In two separate cases, approximately 2,800 kilograms of pangolin scales and 3.5 tons of ivory – both originating from Nigeria – have been seized by Hong Kong and Singapore custom officials respectively.
Read below for more information:
Hong Kong Customs seizes suspected pangolin scales (sourced from third-party site: Government of Hong Kong Press Releases)
Hong Kong Customs on Wednesday (March 7) seized about 2,800 kilograms of suspected pangolin scales with an estimated market value of about $3.3 million from a container at the Tsing Yi Cargo Examination Compound.
Through risk assessment, customs officers inspected a 40-foot container declared to contain metal scraps arriving in Hong Kong from Nigeria. Upon inspection, Customs officers found the suspected pangolin scales in the container.
Investigation is ongoing.
Under the Import and Export Ordinance, any person found guilty of importing or exporting unmanifested cargo is liable to a maximum fine of $2 million and imprisonment for seven years. Under the Protection of Endangered Species of Animals and Plants Ordinance, any person found guilty of importing or exporting an endangered species without a licence is liable to a maximum fine of $5 million and imprisonment for two years.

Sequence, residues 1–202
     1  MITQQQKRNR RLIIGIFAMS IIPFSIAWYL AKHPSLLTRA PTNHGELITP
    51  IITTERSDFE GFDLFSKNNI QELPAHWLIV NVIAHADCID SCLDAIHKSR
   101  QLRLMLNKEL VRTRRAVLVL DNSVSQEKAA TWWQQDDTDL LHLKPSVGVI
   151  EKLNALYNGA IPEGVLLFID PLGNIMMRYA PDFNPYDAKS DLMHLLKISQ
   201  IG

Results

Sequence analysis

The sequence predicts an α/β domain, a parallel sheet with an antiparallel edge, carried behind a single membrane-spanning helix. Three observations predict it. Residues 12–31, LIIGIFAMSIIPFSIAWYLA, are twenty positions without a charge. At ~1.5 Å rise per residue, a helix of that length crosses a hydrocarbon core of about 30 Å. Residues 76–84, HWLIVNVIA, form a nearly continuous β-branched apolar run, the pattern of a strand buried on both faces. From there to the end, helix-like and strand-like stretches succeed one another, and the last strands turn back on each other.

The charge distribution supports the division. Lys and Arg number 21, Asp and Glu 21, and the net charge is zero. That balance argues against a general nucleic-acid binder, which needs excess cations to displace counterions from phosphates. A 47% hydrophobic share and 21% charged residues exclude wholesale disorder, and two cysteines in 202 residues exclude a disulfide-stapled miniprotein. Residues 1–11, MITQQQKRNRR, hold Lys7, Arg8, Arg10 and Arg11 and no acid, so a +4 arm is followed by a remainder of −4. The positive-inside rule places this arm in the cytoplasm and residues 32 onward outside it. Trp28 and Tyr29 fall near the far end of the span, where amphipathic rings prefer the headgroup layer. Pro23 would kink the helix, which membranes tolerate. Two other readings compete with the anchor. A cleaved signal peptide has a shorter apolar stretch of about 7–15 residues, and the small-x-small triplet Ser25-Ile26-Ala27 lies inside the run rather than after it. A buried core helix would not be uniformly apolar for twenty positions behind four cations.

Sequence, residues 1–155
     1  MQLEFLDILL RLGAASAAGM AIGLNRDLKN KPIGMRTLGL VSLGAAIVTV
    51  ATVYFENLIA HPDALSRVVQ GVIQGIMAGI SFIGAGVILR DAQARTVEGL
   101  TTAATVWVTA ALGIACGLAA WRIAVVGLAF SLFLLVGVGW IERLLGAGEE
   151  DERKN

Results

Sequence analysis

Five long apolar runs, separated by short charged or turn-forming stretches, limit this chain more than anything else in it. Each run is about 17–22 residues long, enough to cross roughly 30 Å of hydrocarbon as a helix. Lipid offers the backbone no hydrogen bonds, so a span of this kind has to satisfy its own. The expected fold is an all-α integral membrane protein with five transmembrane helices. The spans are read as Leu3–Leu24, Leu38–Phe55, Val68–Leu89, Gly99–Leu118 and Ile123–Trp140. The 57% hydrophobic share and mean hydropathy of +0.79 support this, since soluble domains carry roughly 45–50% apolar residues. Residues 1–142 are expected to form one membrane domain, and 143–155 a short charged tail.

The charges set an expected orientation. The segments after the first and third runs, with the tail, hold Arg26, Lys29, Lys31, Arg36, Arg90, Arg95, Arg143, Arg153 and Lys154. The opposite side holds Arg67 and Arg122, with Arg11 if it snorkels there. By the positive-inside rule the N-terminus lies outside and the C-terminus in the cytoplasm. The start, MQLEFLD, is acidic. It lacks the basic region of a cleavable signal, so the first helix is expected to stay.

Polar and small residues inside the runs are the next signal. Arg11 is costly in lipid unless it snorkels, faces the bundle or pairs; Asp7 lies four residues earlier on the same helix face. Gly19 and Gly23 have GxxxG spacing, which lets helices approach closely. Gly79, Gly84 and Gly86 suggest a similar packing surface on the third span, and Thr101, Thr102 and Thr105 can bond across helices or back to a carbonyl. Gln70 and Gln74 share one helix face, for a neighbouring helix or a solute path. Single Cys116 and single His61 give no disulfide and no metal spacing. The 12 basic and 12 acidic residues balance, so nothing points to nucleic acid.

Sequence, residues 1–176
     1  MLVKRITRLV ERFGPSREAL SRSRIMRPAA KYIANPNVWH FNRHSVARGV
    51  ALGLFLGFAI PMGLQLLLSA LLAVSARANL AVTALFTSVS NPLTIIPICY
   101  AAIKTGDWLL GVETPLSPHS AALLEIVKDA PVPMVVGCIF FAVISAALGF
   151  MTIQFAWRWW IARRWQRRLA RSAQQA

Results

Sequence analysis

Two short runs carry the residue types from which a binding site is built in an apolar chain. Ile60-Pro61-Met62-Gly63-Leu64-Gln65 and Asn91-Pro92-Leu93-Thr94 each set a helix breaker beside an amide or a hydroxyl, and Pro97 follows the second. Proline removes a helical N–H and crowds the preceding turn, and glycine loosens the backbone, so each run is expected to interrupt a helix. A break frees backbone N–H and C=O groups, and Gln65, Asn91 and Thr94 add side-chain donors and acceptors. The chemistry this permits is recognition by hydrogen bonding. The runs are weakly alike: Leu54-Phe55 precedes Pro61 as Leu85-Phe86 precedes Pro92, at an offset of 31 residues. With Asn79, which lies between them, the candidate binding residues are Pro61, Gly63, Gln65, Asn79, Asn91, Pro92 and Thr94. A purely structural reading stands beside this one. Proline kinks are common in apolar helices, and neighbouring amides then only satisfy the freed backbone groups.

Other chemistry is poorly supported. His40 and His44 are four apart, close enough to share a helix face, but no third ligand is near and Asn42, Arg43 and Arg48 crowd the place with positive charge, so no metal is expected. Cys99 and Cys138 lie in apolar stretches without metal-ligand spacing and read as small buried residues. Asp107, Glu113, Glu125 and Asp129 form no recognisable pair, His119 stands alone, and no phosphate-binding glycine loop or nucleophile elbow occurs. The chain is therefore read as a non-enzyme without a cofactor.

Singapore seizes 3.5 tons of ivory en route to Vietnam (sourced from third-party site: VnExpress)
A huge shipment containing 3.5 tons of elephant ivory was seized in Singapore en route to Vietnam on March 8 (Thursday), authorities said. Officials said the shipment had arrived from Nigeria, the Strait Times reported.
An inspection uncovered ivory that could have fetched around $2.5 million on the black market, the report said.
Elephants are a protected species under the Convention on International Trade in Endangered Species of Wild Fauna and Flora, of which both Singapore and Vietnam are signatories.
Vietnam outlawed the ivory trade in 1992 but the country remains a top market for ivory products prized locally for decorative purposes or in traditional medicine, despite having no proven medicinal qualities. Weak law enforcement in the country has allowed a black market to flourish, and Vietnam is also a regular transit point for tusks trafficked from Africa destined for other parts of Asia, mainly China.
The country reported dozens of seizures last year, including one case in which three tons of ivory were found in the central province of Thanh Hoa in July.
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